"We kept driving in there, but the refs didn't call any fouls,'' Dunson said. "I'm not blaming the refs. We have nobody to blame but ourselves. We just didn't make shots. It was like the (low-scoring region title game) against Dougherty. The shots we usually make just wouldn't fall, and at the end of the game when we really needed it, it just wasn't there.''
Crisp County, meanwhile, was elated to be moving on in a state tournament when not many gave the Lady Cougars a chance.
"Our girls are so excited as well they should be. They've earned it,"
Crisp coach Molly Speir said. "I knew even before the start that the pressure was on Westover since they had already beaten us three times. And with us having played solid basketball in our last three games our confidence level was up. Mentally, and physically, we were ready for them. It was just a matter of us getting out there and playing like we had been.
"I didn't think it was the best game we've played in state, but a win's a win."
Dunson, a Super 6er, led the way with 12 points, four steals and four assists, and Super 6er Ieshia Young had eight points, while Shantaria Williams finished with seven points and seven rebounds.
Westover led most of the game, but was up only 14-11 at halftime.
"When (Oliver) was out in the first half we really didn't take advantage of it,'' Smith said. "And then when she came back she really helped them beat our press. The difference was that we didn't make our shots and they beat us on the glass.''
Crisp out-rebounded Westover, 41-26, thanks in great part to Lady Cougars freshman Kayla Green, who came off the bench and took over the game for Crisp. Green finished with 12 points and 10 rebounds and also set the tone for Crisp's offense, which did just enough to edge Westover (25-5).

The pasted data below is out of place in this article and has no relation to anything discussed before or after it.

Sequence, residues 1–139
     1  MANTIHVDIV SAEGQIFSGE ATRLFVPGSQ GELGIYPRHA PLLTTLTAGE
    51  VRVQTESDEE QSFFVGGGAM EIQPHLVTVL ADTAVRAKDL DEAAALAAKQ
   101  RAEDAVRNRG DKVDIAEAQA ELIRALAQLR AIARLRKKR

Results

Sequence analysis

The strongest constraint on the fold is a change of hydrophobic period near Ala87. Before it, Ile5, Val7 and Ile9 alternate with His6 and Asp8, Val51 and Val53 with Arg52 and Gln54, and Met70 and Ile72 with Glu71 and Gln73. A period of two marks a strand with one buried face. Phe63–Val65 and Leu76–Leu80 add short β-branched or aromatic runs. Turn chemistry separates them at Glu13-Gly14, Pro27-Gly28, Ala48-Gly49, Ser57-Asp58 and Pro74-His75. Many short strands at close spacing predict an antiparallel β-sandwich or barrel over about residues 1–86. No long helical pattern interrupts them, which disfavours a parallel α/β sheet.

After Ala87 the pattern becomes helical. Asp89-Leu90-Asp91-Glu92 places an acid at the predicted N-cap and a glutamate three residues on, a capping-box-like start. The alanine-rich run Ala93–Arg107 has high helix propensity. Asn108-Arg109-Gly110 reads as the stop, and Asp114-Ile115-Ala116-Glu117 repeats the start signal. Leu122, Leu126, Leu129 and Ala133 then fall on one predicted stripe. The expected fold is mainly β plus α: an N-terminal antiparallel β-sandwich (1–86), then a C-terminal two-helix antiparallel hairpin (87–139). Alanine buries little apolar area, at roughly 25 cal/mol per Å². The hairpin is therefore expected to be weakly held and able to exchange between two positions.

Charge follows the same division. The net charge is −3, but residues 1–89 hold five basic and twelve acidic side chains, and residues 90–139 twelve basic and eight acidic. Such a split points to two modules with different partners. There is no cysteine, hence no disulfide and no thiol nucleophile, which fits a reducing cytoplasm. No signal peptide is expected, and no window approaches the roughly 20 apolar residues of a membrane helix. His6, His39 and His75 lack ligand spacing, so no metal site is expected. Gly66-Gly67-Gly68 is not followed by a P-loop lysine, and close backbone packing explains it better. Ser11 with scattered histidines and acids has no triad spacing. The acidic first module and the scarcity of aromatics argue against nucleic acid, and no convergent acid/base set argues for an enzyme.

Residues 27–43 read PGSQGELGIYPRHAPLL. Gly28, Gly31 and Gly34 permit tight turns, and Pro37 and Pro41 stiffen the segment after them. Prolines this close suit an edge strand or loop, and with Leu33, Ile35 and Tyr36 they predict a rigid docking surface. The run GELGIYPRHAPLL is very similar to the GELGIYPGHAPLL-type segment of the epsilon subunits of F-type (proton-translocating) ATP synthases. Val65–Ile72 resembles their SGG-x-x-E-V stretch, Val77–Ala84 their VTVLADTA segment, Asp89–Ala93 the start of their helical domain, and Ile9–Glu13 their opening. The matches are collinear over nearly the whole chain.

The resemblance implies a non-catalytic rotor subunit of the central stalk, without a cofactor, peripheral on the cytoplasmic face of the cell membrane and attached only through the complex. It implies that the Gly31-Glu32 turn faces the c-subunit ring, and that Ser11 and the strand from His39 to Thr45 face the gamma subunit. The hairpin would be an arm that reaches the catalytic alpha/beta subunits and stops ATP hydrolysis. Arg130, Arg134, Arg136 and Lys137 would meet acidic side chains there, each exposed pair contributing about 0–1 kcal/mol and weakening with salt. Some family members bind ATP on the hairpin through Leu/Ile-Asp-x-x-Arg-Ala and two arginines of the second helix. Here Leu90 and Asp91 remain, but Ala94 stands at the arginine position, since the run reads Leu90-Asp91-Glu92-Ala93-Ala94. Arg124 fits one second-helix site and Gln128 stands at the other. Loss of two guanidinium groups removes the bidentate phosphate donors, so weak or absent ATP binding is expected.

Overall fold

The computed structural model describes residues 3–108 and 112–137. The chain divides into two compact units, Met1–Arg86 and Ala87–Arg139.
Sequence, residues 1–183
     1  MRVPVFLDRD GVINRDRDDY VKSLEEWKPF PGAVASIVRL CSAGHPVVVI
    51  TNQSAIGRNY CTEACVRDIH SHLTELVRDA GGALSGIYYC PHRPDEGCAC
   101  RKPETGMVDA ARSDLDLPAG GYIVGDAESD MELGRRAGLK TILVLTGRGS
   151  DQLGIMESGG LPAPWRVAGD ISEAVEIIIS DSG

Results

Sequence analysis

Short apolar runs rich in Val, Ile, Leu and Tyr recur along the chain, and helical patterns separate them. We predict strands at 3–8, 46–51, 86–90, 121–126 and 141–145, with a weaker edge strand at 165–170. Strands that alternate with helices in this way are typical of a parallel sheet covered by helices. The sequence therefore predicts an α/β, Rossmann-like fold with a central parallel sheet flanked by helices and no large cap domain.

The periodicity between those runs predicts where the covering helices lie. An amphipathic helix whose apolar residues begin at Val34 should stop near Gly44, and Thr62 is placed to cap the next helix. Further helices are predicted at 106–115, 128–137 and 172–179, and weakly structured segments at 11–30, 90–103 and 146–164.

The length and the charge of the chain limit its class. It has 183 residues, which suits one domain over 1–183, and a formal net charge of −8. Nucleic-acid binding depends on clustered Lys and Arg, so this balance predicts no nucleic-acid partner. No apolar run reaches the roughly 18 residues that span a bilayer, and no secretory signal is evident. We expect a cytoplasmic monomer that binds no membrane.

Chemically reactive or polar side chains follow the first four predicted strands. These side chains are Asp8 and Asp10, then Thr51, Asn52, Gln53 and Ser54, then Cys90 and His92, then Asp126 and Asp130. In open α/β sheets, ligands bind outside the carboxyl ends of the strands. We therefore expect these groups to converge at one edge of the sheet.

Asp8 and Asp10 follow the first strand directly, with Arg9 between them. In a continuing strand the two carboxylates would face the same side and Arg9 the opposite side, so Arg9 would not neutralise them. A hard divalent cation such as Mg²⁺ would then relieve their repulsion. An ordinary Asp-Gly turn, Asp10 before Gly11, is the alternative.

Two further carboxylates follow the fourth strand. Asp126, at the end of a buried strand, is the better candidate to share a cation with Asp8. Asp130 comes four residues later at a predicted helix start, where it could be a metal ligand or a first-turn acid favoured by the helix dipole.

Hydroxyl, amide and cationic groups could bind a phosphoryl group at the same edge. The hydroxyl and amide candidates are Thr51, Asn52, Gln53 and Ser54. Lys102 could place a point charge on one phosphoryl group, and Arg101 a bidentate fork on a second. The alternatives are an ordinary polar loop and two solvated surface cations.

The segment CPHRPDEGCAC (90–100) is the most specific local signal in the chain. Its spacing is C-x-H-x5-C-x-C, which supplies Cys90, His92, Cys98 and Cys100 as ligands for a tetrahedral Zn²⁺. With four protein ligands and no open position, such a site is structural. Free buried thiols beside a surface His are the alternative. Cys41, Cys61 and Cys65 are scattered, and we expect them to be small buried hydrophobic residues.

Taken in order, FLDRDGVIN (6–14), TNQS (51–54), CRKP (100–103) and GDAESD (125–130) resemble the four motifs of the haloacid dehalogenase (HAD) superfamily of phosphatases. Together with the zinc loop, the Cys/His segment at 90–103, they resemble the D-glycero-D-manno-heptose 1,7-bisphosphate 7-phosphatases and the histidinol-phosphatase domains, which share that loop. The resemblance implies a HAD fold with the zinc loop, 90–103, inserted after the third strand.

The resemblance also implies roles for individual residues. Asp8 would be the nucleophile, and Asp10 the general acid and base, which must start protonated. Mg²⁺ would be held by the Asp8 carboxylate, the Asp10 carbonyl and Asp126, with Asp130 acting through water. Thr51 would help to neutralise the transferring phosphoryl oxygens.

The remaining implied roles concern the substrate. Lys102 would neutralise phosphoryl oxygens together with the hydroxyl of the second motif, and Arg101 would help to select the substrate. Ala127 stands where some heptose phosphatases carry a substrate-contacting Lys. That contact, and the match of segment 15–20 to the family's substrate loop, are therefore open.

"(Green) was the player of the night for them,'' Smith said. "She ran their offense and got rebounds.''
Westover had beaten Crisp three times, winning 48-35 in the opening game in Albany and beating the Lady Cougars, 56-48, at Crisp. The two teams met two weeks ago in the Region 1-AAA semifinals and Westover took a close game and blew it open in the fourth quarter to win, 63-37.
Then Crisp took off, going from the No. 5 seed in the region to making it to the final four teams in the state. With the win, the Lady Cougars' record (15-14) reached above .500 for the first time all season, and they're officially as hot as any team in Georgia down the stretch.
They caught Westover in the third quarter and took a 24-22 lead into the fourth when Oliver hit a put-back just before the buzzer. Oliver opened the fourth with a spinning move to the basket for a 26-22 lead and Westover never led again.
"We just couldn't get into the flow, and we didn't make shots we normally make. That and the glass is what beat us, '' Smith said. "We always had the lead on them (in the first three wins), but at the end (on Saturday) we put ourselves in a situation where we had make a basket. And our shots just didn't fall. They just didn't fall.''